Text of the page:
by Theodora Goss
One day, it may be time
to dismantle your house.
Yes, the one you built so carefully
of brick, remembering the third pig
in the fairy tale, to be storm-proof
and wolf-proof, to stand
for a hundred years. The house
you thought you would retire in,
perhaps die in.
But maybe you found rain
falling from the ceilings, wind
whistling around the rooms,
making the fire gutter. Maybe a hunger
you don’t understand began
gnawing at your belly. Maybe
the house became a coffin out of which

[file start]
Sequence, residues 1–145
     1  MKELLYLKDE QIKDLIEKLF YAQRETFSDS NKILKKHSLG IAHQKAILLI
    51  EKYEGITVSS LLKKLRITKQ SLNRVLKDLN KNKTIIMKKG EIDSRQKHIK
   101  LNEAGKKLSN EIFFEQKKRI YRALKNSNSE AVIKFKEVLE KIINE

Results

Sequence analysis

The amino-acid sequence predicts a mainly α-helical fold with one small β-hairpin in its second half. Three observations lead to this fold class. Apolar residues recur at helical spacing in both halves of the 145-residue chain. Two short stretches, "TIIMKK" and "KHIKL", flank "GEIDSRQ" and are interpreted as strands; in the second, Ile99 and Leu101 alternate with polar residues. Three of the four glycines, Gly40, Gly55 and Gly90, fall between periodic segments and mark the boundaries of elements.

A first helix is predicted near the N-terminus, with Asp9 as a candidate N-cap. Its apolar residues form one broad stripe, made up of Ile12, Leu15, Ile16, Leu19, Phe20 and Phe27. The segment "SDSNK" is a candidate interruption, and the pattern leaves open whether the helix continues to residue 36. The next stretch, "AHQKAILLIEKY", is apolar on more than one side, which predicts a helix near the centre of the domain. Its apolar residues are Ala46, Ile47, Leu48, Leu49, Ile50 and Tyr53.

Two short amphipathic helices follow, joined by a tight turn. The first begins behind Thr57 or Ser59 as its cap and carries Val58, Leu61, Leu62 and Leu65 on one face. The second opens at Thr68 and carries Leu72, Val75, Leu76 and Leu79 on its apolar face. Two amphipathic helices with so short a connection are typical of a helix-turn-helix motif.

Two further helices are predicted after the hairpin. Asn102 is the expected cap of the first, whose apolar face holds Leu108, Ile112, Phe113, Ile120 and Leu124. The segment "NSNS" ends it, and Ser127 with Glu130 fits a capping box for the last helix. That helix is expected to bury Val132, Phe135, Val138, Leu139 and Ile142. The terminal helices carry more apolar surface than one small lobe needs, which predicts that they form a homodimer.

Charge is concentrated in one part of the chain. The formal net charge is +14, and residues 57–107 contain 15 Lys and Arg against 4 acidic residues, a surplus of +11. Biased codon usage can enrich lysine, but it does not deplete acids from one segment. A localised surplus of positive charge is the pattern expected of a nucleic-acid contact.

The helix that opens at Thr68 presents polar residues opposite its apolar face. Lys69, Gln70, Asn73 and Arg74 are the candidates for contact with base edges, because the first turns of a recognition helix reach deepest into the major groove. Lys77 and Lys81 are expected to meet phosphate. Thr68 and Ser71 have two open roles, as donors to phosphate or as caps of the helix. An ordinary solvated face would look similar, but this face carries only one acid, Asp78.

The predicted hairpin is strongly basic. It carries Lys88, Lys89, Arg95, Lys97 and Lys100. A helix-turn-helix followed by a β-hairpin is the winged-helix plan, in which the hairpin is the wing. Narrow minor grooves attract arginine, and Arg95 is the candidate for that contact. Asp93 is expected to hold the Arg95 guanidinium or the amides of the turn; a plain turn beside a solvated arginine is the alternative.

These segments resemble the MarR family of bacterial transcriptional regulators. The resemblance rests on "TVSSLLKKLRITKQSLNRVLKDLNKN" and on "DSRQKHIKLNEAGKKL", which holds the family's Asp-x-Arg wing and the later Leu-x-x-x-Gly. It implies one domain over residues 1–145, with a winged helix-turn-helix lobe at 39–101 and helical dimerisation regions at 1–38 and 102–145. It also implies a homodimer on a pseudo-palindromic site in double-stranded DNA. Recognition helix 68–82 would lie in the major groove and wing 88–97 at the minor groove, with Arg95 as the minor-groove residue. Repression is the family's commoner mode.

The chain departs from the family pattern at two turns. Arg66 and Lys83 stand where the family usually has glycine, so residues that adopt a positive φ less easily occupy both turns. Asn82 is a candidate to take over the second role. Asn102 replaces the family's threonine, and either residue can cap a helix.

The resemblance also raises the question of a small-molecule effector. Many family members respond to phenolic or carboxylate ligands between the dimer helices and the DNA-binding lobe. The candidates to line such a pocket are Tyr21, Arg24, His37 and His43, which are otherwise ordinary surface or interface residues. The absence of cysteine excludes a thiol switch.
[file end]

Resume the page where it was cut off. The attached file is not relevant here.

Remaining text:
you are desperate to awaken,
like Snow White out of her glass casket.
Maybe the fairy tale ended wrong,
maybe you were, all along,
in the wrong story.
Maybe the house you thought was yours
was not, after all, the one you
could live in.
So you take it apart, brick by brick.
Take down the chimney, take up
the floorboards. Hopefully
someone else will recycle them.
And you set out on your journey,
the one you did not want to make,
the one that is inevitable,
although over the mountains
a storm is brewing,
and the forest, you know,
is filled with wolves.
(The image is Houses at Auvers by Vincent van Gogh.)